3 has brought him some pleasure. Thus, although of average intelligence, Frederick is perversely egoistic. Evidently, then, Frederick not only knows how to bring about moral evil, but also is guilty of bringing about such evil. However, to resist this claim one might propose the following: (i) One can bring about moral evil with an action A only if one knows A to be evil. Given (i), we could insist the Frederick's foot-stomping is not morally evil, on the ground that Frederick does not believe, and thus does not know, that his footstomping is evil. But (i) is quite unacceptable. For, given (i), we shall be committed to the absurd view that so long as one refrains from thinking of one's actions as evil, one is not guilty of bringing about moral evil. But, obviously, moral innocence is not so easily achieved. A plausible replacement for (i) is: (ii) One can bring about moral evil with an action A only if one intends to perform A and A is evil, regardless of whether one knows A to be evil. Clearly, (ii) does not commit us to the implausible view that one is innocent of moral evil so long as one does not believe one's actions to be evil. Thus (ii), unlike (i), does not imply that Frederick's foot-stomping is not morally evil. That is, (ii) allows us to maintain the plausible view that Frederick's foot-stomping is morally evil even though Frederick does not believe it is. Hence, (ii) permits us to hold the plausible view that Frederick can know how to bring about moral evil with his foot-stomping even though he does not believe such action is evil. Moreover, in accordance with the foregoing characterization of Frederick, (ii) allows us to hold that Frederick can know how to bring about moral evil with his foot-stomping even if he does not know that such action is evil. For, by definition, if Frederick does not believe that foot-stomping is evil, then he does not know that it is evil. But since Frederick can know how to bring about moral evil with his foot-stomping without knowing that such action is evil, it follows that Frederick can know how to bring about moral evil with his foot-stomping even if he does not knowingly bring about moral evil with his foot-stomping. Furthermore, it seems that Frederick can know how to bring about moral evil with his foot-stomping even if he does not knowingly bring about moral evil with any action. For one's knowingly bringing about moral evil with some action logically entails one's knowing that some action has evil consequences. (Note that (2) and (3) above suggest as much.) But given the foregoing characterization, it is doubtful that Frederick must know that some action has evil consequences. More generally, then, we have good reason to believe that one can know how to bring about moral evil with some action even if one does not know that that action has evil consequences. Similarly, we have good reason to believe that one can know how to bring about moral evil with some action even if one does not 51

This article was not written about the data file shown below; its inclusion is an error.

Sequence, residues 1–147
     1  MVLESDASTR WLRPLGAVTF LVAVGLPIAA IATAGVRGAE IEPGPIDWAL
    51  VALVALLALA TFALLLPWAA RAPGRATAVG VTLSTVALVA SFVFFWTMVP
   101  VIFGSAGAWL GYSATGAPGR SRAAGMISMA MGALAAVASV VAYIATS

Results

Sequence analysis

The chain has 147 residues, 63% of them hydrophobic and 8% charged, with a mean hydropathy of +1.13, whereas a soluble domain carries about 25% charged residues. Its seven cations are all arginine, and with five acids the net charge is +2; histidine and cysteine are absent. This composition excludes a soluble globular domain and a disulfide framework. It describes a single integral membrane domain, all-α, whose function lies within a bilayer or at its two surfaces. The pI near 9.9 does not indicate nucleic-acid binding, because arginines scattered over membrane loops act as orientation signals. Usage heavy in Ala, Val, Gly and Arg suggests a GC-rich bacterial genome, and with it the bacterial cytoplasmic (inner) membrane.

4 52 know that any of one's actions has evil consequences. For one's knowing that some action performed by oneself has evil consequences entails one's being justified in believing that some action performed by oneself has evil consequences. But we can easily imagine the perverse egoist Frederick, for instance, believing that all his actions are good, since they satisfy his desires to perform them, and thus refraining from believing that some action of his has evil consequences. Or, alternatively, we can easily imagine Frederick believing, and having good reasons to believe, that some action has evil consequences, but failing nonetheless to be justified in believing, and thus to know, that some action has evil consequences. For Frederick could have such good reasons, but fail to put them together in such a way that they provide a sound justificatory argument for his belief that some action has evil consequences. This failure might be due, for instance, to Frederick's inexperience at the often difficult task of constructing justificatory arguments. In any case, such a failure could prevent Frederick from having the justified belief, and thus knowledge, in question, even if he believed that some action has evil consequences. Consequently, we have good reason to believe that one can know how to bring about moral evil with some action even if one does not know that some action has evil consequences. Returning to Swinbume's argument, then, we now can raise a forceful objection. Since one's knowing how to bring about moral evil with some action does not entail one's knowing that some action has evil consequences, and thus does not entail one's knowingly bringing about moral evil with some action, it follows that Swinburne's argument is invalid. For (2)-(8) of his argument provide at most logical preconditions of one's knowingly bringing about moral evil with some action. But given the foregoing considerations, we cannot infer that the logical preconditions of one's knowingly bringing about moral evil with some action are also the logical preconditions of one's knowing how to bring about moral evil with some action. Hence, even if Swinburne's argument shows that there must be natural evil if one is knowingly to bring about moral evil with some action, we still cannot infer that there must be natural evil if one is to know how to bring about moral evil with some action. But since (8) is supported by the latter inference, Swinburne's argument is invalid. However, it is not very difficult to imagine how one could be mislead to draw the invalid inference involving (8). Conceivably, one might be led to construct an argument like (1)-(8) on the basis of the following considerations: (a) (b) (c) (d) One knows how to bring about moral evil with an action A only if one can bring about moral evil with A. One can bring about moral evil with A only if one intentionally brings about evil with A. One intentionally brings about evil with A only if one knowingly brings about evil with A. One knowingly brings about evil with A only if one knows that A has evil consequences.